One thing to listen for in tonight's speech and the class five hurricane of spin afterward is for comparisons by Bush and friends between Social Security
privatization private accounts personal accounts and the Thrift Savings Plan (TSP) for federal workers. (The Hill thinks it will come up, too.)
If it works for our federal civilian workforce, wouldn't it work for the rest of us? Here are a few ideas to ponder if they try to use TSP as a model:
- On the plus side, the TSP has very low fees -- eleven cents per $100, by one estimate -- but they are so low that if it were copied for Social Security, Wall Street would be decidedly lukewarm toward the proposal, as the Hill reports. Well, at least Bush would be able to say it's not a windfall for Wall Street, but politically he would lose allies he was counting on to help push privatization.
- That said, how do the fees stay so low? One reason is that management of the fund is handed to a single firm, Barclays. That will, shall we say, annoy other Street firms, who will press to open the program up. But that would result in higher fees, tighter regulation or -- most likely -- both.
- Another reason the fees stay low is that federal agencies -- i.e., the workers' employers -- pick up a substantial portion of the overhead themselves. This investment ranges from record keeping to investment advice. So, do you think your average small business would be willing to do that, not to mention your average regional grocery store chain? Think again. Either the federal government would have to step in (administrative fees through the roof) or this is a heavy burden on businesses. Or just pass it on to the workers themselves and leave them twisting in the wind.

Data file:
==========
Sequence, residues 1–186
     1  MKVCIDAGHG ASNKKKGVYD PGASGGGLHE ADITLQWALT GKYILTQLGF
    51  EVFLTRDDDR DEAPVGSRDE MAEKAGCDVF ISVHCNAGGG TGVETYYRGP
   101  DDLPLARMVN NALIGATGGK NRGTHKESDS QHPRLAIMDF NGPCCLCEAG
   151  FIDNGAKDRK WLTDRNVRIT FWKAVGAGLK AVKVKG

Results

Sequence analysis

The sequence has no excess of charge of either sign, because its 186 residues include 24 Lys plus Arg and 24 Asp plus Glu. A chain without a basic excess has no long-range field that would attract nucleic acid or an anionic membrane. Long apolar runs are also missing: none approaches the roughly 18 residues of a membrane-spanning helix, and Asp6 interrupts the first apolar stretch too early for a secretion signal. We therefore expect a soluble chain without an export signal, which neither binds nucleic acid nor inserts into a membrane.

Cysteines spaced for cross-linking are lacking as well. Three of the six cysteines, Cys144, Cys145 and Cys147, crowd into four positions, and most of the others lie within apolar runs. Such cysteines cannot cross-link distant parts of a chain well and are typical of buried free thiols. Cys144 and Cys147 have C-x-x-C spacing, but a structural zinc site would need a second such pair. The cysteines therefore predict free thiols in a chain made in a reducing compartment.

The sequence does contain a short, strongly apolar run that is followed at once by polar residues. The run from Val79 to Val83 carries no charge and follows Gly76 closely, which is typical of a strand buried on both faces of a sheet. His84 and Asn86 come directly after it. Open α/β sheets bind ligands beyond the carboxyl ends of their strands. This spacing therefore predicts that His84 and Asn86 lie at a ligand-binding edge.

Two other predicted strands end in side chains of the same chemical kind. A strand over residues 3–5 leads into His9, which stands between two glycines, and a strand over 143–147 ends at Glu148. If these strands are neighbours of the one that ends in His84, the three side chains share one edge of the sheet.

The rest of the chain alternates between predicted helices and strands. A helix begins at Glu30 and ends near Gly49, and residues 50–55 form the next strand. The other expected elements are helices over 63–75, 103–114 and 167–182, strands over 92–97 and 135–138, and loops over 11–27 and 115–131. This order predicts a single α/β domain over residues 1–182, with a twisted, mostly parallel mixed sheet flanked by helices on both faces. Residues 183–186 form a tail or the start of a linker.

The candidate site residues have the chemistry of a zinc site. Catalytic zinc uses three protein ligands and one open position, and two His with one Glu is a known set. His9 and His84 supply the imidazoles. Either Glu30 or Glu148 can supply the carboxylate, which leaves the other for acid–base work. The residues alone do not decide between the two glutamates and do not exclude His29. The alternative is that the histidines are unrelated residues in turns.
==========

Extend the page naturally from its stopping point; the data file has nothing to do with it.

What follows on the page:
- But it is said that the risk under TSP is very low for federal workers. Yes, because they are given only five investment options. Will the Cato and Club for Growth people still be as enthusiastic for a program which nearly eliminates individual choice? Isn't that part of the point of privatization for them?
- It does not, however, eliminate risk. Government Executive notes the retirees who saw their TSP accounts drop just a few years ago. Of the five, one fund lost money in 2000, 2001 and 2002, while two more that had been created in 2001 didn't turn into the black until 2003. Only two of the five funds saw modest returns during that period. Brad DeLong, though a lukewarm fan of the TSP option, reminds us that even with only five options, there is plenty of room for people to make stupid mistakes. And, during a downturn in the economy, when three of the five funds under TSP lost money, I don't like those odds even for the less stupid investors.
So, be very cautious of claims that TSP automatically translates into reasonable privatization for Social Security. With tens of millions more workers and retirees covered, and with private businesses taking on a much greater administrative load, you can bet next month's Social Security check that it won't be nearly so easy.